If drama is as difficult as walking a high wire, comedy is walking a high wire while juggling; and farce or screwball is like walking a high wire while juggling flaming torches…and juggling chainsaws; no, more like walking a high wire while juggling flaming, kerosene-soaked, chainsaws. Both farce and screwball have to work perfectly or else only great unhappiness can ensue; they have to be designed and calibrated to perfection and here, with ‘Who’s That Girl’, you had a pop star at the top of the ticket, trying to bluff her way through and hoping she didn’t get found out.
Madonna plays a rough-and-ready woman who serves four years in jail for a crime she didn’t commit (the animated titles tell this backstory so be aware) and we first see her, we first see Madonna as Madonna playing her character, when she’s granted an early parole, wise-cracking her way through the hearing. Griffin Dunne, After Hours and An American Werewolf in London Griffin Dunne, plays the male second banana, dragooned by his prospective father-in-law into picking Madonna’s character up from prison, taking her to the bus station and making sure that she gets out of town.
Once the narrative all kicks into gear, though, you do find yourself relaxing into it. Dunne is adroit and Madonna does try to give it her all and she has some good lines too, although her character’s accent takes some deciphering for my European ears.
Guns get fired; things get vandalised; trousers get lost (of course); things get stolen; Madonna’s songs get crowbarred into position; Sir John Mills hopefully earned himself a nice cheque; social events get bum-rushed; people lie, only to drop themselves further into trouble and the last seventy minutes seems to last slightly less than seventy minutes.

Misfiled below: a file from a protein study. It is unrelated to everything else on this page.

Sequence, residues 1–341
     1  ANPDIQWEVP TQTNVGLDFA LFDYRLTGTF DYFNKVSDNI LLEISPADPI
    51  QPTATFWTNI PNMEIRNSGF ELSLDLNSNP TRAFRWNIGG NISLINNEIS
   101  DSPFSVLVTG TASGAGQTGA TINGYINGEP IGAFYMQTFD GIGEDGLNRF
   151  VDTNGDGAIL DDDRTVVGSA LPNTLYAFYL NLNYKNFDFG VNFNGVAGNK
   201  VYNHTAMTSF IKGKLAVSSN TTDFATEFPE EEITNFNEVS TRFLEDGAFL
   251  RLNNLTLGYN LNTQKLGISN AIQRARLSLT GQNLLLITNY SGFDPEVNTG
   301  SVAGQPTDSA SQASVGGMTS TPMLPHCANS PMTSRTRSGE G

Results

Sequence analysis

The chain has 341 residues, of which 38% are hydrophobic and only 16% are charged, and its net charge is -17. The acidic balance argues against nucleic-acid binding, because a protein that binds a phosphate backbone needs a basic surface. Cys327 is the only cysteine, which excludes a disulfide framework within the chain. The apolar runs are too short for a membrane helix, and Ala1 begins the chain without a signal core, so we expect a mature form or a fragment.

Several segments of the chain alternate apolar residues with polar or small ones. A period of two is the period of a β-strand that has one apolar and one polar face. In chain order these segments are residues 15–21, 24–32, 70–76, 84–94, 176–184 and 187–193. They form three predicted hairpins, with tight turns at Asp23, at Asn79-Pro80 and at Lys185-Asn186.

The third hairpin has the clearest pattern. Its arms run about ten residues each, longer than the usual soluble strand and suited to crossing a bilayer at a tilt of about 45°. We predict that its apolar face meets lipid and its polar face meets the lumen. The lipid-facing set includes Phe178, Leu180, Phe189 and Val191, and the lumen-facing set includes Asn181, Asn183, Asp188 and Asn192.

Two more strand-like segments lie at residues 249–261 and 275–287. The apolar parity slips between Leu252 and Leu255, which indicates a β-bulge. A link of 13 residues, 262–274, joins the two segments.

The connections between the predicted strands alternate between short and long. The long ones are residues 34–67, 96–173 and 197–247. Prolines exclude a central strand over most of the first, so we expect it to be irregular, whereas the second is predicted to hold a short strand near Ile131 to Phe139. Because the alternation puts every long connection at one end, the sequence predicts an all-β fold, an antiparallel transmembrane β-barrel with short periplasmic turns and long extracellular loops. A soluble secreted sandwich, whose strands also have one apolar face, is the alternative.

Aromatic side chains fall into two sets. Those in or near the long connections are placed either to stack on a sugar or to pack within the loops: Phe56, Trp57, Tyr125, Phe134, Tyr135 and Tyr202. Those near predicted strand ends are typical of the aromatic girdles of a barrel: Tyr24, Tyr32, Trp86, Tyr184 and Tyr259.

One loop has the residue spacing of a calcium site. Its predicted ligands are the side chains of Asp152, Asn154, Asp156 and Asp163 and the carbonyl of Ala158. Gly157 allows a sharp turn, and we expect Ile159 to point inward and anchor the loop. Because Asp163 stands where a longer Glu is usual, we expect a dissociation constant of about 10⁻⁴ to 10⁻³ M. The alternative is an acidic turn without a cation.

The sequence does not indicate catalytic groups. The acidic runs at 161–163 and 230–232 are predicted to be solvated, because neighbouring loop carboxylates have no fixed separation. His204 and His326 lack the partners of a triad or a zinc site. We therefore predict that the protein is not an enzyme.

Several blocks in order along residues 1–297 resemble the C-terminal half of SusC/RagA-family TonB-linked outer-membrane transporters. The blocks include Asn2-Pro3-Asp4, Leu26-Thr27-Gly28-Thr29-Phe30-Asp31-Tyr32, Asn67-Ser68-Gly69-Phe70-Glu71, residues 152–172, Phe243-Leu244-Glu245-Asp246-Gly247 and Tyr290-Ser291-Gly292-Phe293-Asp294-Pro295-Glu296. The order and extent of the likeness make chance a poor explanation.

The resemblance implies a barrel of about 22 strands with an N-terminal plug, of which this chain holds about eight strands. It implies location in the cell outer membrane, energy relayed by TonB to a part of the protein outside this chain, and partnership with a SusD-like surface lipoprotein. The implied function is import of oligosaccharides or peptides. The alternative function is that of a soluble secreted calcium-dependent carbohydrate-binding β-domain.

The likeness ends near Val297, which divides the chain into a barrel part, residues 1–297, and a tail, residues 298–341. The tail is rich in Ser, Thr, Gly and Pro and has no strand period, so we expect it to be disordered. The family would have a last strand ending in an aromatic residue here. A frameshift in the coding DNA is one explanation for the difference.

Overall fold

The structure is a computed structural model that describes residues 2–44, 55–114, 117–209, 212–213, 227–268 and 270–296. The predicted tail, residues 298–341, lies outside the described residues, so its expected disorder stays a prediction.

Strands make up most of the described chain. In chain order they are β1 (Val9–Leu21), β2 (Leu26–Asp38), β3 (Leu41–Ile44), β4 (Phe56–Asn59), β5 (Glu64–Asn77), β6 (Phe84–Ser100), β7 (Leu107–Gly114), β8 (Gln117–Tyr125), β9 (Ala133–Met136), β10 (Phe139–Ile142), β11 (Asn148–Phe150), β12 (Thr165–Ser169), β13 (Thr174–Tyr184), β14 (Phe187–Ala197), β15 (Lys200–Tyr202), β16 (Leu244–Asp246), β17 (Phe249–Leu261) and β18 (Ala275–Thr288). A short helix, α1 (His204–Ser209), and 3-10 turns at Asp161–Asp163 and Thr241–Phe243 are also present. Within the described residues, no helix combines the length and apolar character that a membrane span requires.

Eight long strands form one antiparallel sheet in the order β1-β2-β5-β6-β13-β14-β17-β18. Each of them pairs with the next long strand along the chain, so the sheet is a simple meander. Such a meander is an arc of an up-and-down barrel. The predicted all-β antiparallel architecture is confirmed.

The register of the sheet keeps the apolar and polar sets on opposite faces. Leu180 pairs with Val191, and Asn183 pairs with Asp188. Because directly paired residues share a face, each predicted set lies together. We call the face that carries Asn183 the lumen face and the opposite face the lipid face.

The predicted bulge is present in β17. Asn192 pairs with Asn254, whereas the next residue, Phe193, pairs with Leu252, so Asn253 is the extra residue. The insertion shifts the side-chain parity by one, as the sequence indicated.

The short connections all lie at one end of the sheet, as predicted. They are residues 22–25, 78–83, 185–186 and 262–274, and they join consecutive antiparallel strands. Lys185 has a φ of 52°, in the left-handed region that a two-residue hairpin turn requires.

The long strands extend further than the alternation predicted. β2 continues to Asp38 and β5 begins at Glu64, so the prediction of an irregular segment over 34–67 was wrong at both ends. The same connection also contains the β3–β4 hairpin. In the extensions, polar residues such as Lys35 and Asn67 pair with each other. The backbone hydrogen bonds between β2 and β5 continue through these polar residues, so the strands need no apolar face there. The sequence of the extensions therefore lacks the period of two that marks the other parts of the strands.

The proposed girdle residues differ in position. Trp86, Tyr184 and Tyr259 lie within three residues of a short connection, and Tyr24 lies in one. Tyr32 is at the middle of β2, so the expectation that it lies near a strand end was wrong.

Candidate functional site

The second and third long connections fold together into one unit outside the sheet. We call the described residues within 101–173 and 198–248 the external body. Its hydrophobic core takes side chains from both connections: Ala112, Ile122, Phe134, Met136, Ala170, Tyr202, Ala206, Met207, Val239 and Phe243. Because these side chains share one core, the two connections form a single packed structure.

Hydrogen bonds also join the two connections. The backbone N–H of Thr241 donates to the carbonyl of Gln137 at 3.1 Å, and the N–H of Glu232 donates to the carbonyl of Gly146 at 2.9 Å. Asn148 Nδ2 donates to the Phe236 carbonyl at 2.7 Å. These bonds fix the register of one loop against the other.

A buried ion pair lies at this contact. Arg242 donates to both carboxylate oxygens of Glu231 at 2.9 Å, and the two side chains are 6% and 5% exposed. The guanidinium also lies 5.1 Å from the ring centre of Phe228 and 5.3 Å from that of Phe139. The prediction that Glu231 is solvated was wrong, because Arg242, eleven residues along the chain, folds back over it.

Was it any good? I don’t know. The film’s script, to its credit, doesn’t do the milquetoast, play-it-safe thing; maybe it was looking for a dynamite director (maybe Peter Bogdanovich?) and two strong, know-what-they’re-doing leads (Mary-Louise Parker and Tom Hanks, perhaps, although Griffin Dunne’s really not too bad at all)? To cripple what I said above, ‘Who’s That Girl’ is a screwball comedy that doesn’t really work but I still liked it. Should you see it? Now that you’ve been forewarned, yes, although you’ve essentially seen it already anyway if you’re au fait with 80s pop videos and how they’d cut-and-paste loads of bits of the film it’s promoting into its three minutes or so.
In ‘Performance’ (1970), James Fox character’s line: “You’ll look funny when you’re fifty” gets some retrospective chortles but that line lacks relevance to now because Mick Jagger can only be measured against Mick Jagger. I hold no great brief for Jagger and the Stones post the early 1970s, although they can still touch greatness when they want to, but he doesn’t ‘look funny’…he just looks like Mick Jagger. Some people just seem to get to such a level of all pervasive fame that they are (awful word) icons and can only be compared to themselves: Madonna, Mick Jagger, Angelina Jolie and the like. Watching Madonna try to survive playing the lead in a 1980s screwball comedy is reward, enjoyment and interest in itself, notwithstanding the actual quality of the movie. Even Richard Lester’s shockingly terrible ‘How I Won the War’ (1967) (I like Richard Lester normally) is worth a watch to see John Lennon grappling with a straight role.
‘Who’s That Girl’ was pretty interesting. Afterwards I took the disc anyway so I’ll watch it again. Wonderfully, I also spied a rare copy of Madonna’s previous “work” ‘Shanghai Surprise’ and I can’t wait to watch that alleged abomination. I’ll give it a fair shake and see what drops….probably my will to live, but we’ll see.
Money and the Hammer’s Main Pages